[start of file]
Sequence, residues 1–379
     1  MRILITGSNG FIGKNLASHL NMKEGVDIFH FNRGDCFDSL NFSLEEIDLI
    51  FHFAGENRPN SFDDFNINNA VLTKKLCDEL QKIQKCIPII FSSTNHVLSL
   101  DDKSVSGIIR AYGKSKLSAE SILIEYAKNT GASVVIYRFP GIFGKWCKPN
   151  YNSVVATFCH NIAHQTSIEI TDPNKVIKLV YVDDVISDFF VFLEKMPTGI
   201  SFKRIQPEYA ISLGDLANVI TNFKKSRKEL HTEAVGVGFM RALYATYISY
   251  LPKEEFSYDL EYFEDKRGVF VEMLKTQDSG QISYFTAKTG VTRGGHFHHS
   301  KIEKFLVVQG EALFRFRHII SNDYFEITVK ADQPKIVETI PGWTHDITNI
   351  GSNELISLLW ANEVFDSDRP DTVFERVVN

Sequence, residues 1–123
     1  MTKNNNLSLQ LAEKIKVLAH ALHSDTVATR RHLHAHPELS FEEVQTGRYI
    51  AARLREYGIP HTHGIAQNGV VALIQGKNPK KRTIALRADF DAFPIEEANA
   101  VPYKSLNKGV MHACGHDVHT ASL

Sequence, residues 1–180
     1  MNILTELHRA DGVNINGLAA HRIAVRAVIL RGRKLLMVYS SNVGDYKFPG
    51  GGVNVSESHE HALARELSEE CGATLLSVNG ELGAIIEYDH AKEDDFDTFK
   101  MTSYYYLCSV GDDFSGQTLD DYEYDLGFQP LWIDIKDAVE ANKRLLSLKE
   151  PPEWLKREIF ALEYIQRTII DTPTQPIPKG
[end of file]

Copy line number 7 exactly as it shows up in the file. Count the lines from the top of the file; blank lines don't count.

   251  LPKEEFSYDL EYFEDKRGVF VEMLKTQDSG QISYFTAKTG VTRGGHFHHS